News|January 4, 2012 6:43 pm

Nandita: Motherhood has made me choosy about films

No, Nandita Das is not expecting a baby, Nandita who is the first Indian woman to be inducted into the International Women’s Forum’s (IWF) Women’s Hall of Fame at a glittering ceremony in Washington DC, spoke about supporting children’s films, as she is the chairperson of the Children’s Film Society of India.

Here is Nandita Das’s Interview,

How did it feel to be inducted into the Women’s Hall of Fame?

I was quite surprised when I got it. I had attended their international women’s conference early this year in Rome and had spoken on the role of cinema in social change. I spoke of my experiences from street theatre and the kind of films I have chosen to act in and direct.

It’s a validation of one’s choices — you feel good, you feel a little encouraged. There are people who think I’ve made wrong choices. I have a lot of well wishers who feel I’ve missed the bus and that I should have done more commercial films. They said big actors like Shabana Azmi and Smita Patil also did commercial films.

The award was given in Washington DC in an old, beautiful museum building. There was a proper sit-down dinner and a 100-member symphony orchestra.

It was quite a big deal and I didn’t realize it then. Some amazing women like Rosa Parks, Audrey Hepburn and a whole lot of others have been part of the Hall of Fame. I guess it is very prestigious. I didn’t know till I went. I didn’t even tell my parents about it till the very last minute!

Your last film was Onir’s I am. Are you thinking of getting back to acting?

I have about eight or nine scripts. I have just not had the time to read them. I hope to start when Vihaan (her 15-month-old son) is about a year and a half. Hopefully, by March, I may take up a project.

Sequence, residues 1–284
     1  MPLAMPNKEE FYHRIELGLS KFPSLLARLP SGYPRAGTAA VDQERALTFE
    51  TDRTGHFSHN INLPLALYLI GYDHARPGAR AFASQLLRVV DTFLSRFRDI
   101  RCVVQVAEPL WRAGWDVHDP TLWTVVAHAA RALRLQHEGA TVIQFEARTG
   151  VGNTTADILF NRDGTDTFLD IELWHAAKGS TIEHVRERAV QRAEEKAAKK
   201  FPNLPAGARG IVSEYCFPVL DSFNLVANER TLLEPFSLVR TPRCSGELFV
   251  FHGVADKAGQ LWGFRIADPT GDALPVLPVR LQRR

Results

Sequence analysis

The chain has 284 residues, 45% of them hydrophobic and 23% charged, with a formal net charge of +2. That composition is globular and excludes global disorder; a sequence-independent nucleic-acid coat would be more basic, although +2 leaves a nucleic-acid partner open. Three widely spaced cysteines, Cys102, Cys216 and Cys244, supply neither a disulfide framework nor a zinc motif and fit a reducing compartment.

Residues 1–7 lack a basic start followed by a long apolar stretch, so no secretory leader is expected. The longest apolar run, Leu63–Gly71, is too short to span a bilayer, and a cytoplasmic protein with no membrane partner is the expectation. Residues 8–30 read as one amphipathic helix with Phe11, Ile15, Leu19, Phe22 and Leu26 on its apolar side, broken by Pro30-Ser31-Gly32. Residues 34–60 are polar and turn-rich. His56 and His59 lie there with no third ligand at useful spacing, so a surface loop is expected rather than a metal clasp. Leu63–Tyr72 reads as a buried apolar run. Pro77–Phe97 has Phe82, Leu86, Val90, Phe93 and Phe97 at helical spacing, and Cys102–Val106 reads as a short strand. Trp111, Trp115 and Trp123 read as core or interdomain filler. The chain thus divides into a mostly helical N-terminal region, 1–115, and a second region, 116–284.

When Deepa’s (Mehta) film offer of Midnight’s Children came, Vihaan was six months old and there was no way I could do it.

How has motherhood changed you?

Priorities change. I was traveling all the time, I was free spirited. Suddenly, you have this baby and you have to be responsible, and that changes the perspective.

A child really pushes you to be a better person because he is going to be a sponge, soak in everything, not just what you say but what you are.

Has your son changed you completely?

The core remains the same. I’m much more grounded. I’m much more at home. I didn’t think I would enjoy it so much. I’m a much calmer person, less restless, more patient, more positive and in some ways more philosophical. It’s a journey.

How supportive has your husband been in your work?

When Vihaan was born, my husband also took time off. He wanted to enjoy parenting. He’s from the fringes of the corporate world and wants to do something more creative. So there’s a mutual respect.

When I went to Washington DC, he came with me as we didn’t take a nanny along. We handled Vihaan together, though of course, the woman lands up doing much more. I don’t think Indian men are trained well enough to share.

Are you thinking of acting and direction?

I’m thinking of both. Direction requires a story that can sustain your interest for a longer time and I really haven’t found that story that would really work.

Would you take up somebody else’s story to direct?

Yes, I’m happy to take it up but then it should come to me. Or if there’s a wonderful book which can be adapted.

What are the issues you are looking at now?

Issues of gender, violence, marginalized voices that get muffled or never really find a platform.

Would you want to get back to theater? You were last seen in Roysten Abel’s play with Shabana Azmi.

That was a nice play. I don’t plan too much. I have always enjoyed doing different mediums, to share, to communicate. I’ve never chosen films based on language. There are some films coming from Tamil, Malayalam and Bengali. I have to sit and read.

I was always choosy. Now I’ve become more choosy because I have to give up something to do the film. So, it better be worth it!